Evgeny Morozov writes:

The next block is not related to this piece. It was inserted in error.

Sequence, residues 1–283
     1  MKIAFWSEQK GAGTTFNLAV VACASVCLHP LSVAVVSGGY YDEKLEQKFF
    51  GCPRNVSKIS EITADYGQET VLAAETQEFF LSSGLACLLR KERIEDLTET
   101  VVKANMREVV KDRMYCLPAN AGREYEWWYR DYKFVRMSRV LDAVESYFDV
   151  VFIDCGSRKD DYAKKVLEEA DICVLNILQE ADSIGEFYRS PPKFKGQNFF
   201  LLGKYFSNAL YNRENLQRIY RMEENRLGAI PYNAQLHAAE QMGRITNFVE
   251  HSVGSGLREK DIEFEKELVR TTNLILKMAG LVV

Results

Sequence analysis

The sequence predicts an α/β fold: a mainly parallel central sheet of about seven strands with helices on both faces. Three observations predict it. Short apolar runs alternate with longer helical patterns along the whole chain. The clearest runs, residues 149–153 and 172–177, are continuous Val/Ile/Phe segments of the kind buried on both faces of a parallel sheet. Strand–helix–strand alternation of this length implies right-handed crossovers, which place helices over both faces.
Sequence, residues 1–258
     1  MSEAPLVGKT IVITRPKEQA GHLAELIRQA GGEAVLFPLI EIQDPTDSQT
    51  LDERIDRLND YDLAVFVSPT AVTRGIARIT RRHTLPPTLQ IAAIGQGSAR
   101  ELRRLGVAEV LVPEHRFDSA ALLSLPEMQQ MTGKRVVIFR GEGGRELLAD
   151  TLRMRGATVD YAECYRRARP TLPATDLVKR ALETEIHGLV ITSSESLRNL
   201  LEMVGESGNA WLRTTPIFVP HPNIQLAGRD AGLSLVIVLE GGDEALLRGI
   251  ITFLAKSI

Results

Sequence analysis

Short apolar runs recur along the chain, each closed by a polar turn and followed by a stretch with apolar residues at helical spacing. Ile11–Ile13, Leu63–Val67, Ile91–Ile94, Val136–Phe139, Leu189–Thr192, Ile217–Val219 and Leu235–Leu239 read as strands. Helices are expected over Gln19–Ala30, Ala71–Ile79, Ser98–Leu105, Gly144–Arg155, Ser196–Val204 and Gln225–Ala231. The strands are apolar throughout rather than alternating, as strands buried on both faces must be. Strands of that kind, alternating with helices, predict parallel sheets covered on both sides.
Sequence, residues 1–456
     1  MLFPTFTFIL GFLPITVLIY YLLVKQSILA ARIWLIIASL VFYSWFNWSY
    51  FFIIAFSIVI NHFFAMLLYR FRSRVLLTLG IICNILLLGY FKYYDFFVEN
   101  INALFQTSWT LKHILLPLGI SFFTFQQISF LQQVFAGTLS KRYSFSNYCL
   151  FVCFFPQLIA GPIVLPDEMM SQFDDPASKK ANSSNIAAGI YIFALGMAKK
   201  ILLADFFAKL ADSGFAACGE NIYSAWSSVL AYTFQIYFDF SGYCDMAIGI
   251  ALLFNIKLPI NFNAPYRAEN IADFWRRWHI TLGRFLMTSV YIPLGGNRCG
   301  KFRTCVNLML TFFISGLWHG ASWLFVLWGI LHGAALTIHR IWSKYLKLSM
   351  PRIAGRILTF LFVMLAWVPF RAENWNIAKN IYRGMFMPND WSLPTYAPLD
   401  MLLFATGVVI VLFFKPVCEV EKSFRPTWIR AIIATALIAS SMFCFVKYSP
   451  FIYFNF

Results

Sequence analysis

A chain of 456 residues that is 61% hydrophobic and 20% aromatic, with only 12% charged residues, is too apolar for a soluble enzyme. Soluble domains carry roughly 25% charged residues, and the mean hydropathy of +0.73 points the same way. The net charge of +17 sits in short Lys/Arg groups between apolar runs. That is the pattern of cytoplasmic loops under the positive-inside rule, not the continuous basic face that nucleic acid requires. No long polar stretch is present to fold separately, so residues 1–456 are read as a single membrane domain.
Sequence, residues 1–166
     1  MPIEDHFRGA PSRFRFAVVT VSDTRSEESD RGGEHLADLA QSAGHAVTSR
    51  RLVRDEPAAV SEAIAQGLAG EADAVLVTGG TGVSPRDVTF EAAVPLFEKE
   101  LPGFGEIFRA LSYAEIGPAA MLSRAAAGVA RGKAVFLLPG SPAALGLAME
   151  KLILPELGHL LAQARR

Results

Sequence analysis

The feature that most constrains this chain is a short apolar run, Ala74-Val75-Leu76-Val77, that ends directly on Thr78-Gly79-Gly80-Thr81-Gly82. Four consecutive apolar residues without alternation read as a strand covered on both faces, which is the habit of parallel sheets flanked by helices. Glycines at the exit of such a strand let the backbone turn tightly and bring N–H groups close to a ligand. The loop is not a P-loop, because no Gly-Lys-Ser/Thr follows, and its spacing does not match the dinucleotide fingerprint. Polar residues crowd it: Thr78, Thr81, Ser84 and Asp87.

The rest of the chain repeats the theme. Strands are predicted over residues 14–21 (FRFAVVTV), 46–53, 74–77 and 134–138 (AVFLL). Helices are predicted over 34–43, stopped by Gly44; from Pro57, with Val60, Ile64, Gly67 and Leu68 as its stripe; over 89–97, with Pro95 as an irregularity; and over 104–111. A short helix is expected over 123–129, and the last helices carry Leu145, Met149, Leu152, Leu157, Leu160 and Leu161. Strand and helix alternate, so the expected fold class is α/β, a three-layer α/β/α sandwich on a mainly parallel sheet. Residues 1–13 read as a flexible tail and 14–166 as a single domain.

It isn’t easy to teach a computer to recognise a face. Definitions don’t help: if you describe a face as ‘a blob-like region with two eyes, two ears, a nose and a mouth’, you still need to define an eye, a nose, an ear and a mouth. As the number of potential differences between any two pictures of the same face is infinite, it’s impossible to write an algorithm that can take account of all such variations. Given its spotty track record, it’s hard to see why facial recognition technology has so quickly become one of the most widely used forms of biometrics (second only to fingerprints). Kelly Gates’s Our Biometric Future, a thorough exploration of FRT’s relatively short history, provides some clues. Compared to other biometric technologies, FRT has one enormous advantage – it doesn’t require consent, co-operation or even the subject’s knowledge – and many smaller ones.